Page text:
From: steven meinking <steven.meinking@xxxxxxxxxxxxx>
Date: Wed, 22 Feb 1995 17:20:28 -0700 (MST)
I will preface this post by saying that I know little to nothing about
(post)colonialism. However, I know some things about Foucault...
Your precise identification of "autonomous" in Foucault's text is
precisely what I consider this discussion to be about. Roughly, I
interpret autonomy to be for Foucault a spatial position of criticism that
is located within the network of knowledges and their production which is
characteristically non-static. When Foucault says things like
"non-centralized" I do not interpret him to mean that there is a
definitive center to knowledge production, but that autonomy, especially,
in this sense occupies an indeterminate position. Indeterminacy and
"outsidedeness" in this context seems to attest to the fact that the
knowledges of the "local critique" have been excluded in terms of
practice from more static knowledges like "totalitarian theories." The
local critique may be something we can participate in, a knowledge we
have access to; its operations may also be identifiable, but I don't
think it is something that can be pinned down.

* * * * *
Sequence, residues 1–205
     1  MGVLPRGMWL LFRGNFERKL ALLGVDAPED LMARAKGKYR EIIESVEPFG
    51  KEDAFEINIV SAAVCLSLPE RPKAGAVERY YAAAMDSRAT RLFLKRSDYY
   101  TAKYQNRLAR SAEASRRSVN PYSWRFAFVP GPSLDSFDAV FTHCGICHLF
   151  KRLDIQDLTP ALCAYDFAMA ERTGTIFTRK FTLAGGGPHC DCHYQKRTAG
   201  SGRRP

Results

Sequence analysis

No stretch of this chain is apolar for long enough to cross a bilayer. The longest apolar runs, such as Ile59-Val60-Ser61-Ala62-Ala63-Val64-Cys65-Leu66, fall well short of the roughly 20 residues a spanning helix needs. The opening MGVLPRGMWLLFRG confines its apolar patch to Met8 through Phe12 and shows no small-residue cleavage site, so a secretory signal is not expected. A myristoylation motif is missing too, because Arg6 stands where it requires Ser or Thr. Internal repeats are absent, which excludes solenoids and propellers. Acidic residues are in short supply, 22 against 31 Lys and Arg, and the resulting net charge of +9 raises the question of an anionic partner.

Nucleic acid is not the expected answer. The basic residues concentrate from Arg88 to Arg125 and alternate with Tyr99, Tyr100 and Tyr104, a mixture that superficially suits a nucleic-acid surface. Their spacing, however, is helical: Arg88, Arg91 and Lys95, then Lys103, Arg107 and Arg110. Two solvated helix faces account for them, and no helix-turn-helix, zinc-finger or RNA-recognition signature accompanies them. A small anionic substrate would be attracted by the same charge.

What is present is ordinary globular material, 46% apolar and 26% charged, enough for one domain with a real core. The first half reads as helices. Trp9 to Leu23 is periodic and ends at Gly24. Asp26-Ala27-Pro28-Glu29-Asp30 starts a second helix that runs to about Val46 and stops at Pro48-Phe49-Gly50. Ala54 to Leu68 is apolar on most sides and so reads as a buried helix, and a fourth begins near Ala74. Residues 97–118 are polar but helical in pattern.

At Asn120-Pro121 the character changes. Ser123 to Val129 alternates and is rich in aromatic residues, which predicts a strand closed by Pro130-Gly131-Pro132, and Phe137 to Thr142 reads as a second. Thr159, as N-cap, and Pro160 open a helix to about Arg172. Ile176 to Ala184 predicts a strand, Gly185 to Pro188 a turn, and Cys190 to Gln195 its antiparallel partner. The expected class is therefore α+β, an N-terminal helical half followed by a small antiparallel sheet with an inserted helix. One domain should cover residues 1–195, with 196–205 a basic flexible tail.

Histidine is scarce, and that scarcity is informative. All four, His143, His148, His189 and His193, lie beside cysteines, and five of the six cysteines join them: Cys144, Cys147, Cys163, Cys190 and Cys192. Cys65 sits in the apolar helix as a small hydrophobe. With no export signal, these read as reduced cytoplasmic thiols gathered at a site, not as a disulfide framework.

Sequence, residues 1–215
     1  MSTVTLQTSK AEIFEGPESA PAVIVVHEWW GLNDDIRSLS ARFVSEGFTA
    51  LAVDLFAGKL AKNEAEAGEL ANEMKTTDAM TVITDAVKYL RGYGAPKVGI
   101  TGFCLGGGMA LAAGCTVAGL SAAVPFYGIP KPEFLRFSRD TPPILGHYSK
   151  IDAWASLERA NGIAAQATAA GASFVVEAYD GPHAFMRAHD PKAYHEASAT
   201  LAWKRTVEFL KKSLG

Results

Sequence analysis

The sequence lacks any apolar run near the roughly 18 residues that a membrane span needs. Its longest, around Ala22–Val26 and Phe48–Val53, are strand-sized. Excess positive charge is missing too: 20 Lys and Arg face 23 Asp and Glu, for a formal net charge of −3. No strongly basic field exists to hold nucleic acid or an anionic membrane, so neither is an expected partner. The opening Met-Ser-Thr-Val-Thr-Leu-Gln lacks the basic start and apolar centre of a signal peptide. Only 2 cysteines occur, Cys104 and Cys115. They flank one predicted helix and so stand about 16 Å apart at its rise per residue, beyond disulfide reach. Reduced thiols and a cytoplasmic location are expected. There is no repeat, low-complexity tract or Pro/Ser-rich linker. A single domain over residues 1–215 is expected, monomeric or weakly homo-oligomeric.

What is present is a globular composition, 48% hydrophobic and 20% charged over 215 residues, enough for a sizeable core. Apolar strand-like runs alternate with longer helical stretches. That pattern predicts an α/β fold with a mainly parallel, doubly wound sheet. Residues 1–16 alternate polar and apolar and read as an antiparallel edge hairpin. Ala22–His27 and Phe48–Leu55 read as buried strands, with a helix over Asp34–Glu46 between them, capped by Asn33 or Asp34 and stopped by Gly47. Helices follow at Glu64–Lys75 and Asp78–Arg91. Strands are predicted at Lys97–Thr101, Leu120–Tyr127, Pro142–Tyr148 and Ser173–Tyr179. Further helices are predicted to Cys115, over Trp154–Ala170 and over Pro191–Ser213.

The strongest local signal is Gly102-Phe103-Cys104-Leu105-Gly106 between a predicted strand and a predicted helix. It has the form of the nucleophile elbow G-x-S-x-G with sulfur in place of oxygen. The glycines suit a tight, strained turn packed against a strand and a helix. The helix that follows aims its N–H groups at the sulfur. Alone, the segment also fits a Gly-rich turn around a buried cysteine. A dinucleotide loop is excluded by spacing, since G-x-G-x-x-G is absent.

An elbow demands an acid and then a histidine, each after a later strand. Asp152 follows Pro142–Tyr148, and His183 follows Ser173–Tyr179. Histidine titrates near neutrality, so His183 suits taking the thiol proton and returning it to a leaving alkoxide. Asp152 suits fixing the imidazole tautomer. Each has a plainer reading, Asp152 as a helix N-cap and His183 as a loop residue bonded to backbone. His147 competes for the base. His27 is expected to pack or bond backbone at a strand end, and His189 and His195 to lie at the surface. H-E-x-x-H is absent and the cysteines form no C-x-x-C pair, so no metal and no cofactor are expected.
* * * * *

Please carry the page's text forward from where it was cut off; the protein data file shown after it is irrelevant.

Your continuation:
If we juxtapose the local critique with institutional totalitarian
theories, one may interpret Foucault as encouraging local practice as a
non-determinate form continuously in transformation as a result of
drawing its position from the practices of knowledge around it. In such
a case, totalitarian theories are not to be "consigned to the flames,"
but rather incorporated for critical purposes.
You mentioned establishing a definition of "colonialism" in your post. I
am not sure Foucault would promote any sort of stable definition. In any
attempt to construct this sort of authoritative social symbol, I would
remain as alert as possible to how the problematization is engineered
discursively, and to what power relations were functioning within
its space, i.e. be wary of whether the definition is coordinated
by "an established regime of thought."
I wonder how much of the attempt to position the local critique lends to
its institutionalization. What are the costs in terms of autonomy? How
much has it already been institutionalized?
As a last note I would like to suggest to you and others interested in
colonialism and related topics that Spoon currently runs a list called
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Yours in discourse,
The University Of Utah